A research hydrologist, a soil scientist and a data engineer walk into a bar… Could be the setup for a nerdy science joke. But instead it’s a snapshot into the lineup for one of the most important events you can attend this year: the NGRA-ARS Sensor Technology Workshop on Wednesday, November 13, in Sacramento!

If you’re like most growers, you probably have at least one sensor brochure on your desk right now. Sensors promise to deliver incredible amounts of critical data about your vineyard. But how do you know what’s real? New sensor technologies are being developed and brought to market so fast and with such varying degrees of efficacy that it can be hard to figure out the full range of technology available; what, exactly, these technologies do—and how well they do it; how to extract tangible, actionable information to make decisions with; and what other, more robust sensors may be available tomorrow, before you invest today. Scientists also need feedback and input into what will make their innovations most useful to growers and learn how other developers are applying the tech. Thus, the National Grape Research Alliance (NGRA) and the USDA’s Agricultural Research Service (ARS) partnered to create the NGRA-ARS Sensor Technology Workshop, a non-commercial, unbiased event designed to provide wine and grape growers an objective, science-based understanding of sensors today, and a two-way dialogue to inform future scientific discovery—all in one day.

Join us on November 13 to meet 28 of the top publicly funded scientists in the sensor space, including researchers from ARS and land-grant institutions. They will present their work developing sensor technologies for vine and soil water status, canopy and irrigation management, and the detection and control of pests and diseases. And they’ll share the data integration and modeling applications that translate sensor outputs into usable information. A panel of growers also will present their experiences applying sensor technologies, giving a real-world perspective on successes, sharing what they’ve learned, and providing input of what advances are yet needed in sensing applications and related decision support systems. Lunch in the middle of the event and a reception at the end of the day will provide attendees and scientists the opportunity to talk one-on-one. Tickets are just $250 per person and partially tax-deductible.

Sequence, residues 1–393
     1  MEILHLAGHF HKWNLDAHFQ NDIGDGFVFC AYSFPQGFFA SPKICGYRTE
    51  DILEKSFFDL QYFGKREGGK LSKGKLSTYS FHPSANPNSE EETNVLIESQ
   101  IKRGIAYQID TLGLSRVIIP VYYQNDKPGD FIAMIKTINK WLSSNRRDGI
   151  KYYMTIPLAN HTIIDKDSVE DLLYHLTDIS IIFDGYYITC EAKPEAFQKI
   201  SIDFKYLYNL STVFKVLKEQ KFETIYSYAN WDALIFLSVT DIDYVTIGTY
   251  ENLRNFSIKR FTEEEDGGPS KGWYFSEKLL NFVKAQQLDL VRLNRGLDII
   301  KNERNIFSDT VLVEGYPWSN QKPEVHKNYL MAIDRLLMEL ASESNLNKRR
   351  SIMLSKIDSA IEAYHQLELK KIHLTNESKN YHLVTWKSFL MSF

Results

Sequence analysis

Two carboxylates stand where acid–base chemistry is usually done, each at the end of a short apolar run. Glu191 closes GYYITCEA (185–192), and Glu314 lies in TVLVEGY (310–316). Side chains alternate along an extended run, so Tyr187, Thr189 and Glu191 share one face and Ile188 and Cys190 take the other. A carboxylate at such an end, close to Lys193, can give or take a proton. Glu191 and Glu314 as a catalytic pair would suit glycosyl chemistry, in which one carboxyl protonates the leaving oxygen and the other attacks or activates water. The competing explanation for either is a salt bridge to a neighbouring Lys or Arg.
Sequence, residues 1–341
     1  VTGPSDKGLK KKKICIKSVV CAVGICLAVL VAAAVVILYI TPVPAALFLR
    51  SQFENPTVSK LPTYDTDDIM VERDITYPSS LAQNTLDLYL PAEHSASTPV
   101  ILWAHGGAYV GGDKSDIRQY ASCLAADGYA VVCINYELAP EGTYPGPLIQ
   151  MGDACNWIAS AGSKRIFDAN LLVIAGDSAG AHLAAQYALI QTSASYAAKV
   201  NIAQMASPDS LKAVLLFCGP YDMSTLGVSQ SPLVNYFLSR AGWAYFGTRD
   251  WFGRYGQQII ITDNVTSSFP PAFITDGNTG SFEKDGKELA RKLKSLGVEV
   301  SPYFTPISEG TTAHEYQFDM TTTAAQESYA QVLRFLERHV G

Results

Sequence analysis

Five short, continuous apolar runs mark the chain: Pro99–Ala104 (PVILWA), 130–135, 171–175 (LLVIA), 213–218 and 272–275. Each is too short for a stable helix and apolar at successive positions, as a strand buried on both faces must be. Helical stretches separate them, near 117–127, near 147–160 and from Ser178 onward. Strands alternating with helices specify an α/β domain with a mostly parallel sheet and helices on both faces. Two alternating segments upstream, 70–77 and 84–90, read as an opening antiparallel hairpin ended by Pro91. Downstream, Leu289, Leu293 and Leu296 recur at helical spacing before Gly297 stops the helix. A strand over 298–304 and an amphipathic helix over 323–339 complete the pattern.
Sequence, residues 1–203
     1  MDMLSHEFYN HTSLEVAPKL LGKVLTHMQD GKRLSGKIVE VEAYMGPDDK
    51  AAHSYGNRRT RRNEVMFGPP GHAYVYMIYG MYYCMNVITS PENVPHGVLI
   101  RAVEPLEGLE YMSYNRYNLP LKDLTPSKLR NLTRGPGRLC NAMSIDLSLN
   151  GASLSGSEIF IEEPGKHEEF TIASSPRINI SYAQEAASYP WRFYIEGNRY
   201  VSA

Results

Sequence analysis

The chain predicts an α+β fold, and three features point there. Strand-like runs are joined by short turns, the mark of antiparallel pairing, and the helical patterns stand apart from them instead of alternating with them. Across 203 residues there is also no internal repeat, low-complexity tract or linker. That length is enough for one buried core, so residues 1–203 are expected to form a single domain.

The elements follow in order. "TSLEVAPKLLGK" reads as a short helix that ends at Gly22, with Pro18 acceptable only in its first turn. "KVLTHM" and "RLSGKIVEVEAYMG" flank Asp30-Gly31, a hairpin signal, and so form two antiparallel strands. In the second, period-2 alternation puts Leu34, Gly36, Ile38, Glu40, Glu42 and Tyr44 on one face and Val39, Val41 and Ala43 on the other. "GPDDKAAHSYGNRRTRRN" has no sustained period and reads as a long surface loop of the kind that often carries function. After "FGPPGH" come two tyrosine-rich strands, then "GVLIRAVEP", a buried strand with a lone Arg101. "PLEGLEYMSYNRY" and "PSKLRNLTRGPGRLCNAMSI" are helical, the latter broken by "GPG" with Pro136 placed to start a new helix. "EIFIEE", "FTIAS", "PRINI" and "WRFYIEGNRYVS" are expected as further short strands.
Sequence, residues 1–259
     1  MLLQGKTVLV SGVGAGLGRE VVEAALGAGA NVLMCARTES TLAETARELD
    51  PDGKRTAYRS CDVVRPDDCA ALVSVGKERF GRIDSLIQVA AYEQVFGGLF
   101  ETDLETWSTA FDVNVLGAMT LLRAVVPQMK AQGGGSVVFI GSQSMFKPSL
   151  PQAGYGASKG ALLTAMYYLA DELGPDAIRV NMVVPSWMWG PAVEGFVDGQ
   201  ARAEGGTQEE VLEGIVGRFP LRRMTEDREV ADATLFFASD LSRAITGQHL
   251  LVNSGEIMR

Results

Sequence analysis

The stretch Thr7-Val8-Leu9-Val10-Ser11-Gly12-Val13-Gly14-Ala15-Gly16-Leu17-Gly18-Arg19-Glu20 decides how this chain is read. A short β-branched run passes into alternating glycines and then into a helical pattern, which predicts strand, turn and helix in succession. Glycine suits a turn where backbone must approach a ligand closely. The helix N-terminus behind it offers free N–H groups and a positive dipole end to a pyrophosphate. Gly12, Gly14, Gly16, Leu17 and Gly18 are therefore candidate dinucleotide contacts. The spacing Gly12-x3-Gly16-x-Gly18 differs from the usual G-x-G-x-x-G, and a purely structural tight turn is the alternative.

NGRA is a nonprofit organization that aligns the priorities for research across wine grapes, juice grapes, table grapes and raisins, nationwide. And ARS is the USDA’s in-house agency for agriculture research. We invite you to come, help move the state of the art in sensors from “pretty pictures” and “piles of data” (verbatim quotes we’ve heard from growers) to actionable, applicable information that can improve productivity, quality, sustainability and competitiveness for the American grape industries.

Sensors are no joke!

Come geek out on these technologies, November 13 in Sacramento!

Find info and tickets here: graperesearch.org/events/ngra-ars-sensor-technology-workshop-2019/.

Donnell Brown is the President of NGRA, an industry-driven non-profit organization designed to align research priorities at the highest level to strengthen the competitiveness of America’s grape industry. The Lodi Winegrape Commission’s Dr. Stephanie Bolton holds a seat on the NGRA Board as an At-Large Representative.  Featured image provided by the Efficient Vineyard Project.

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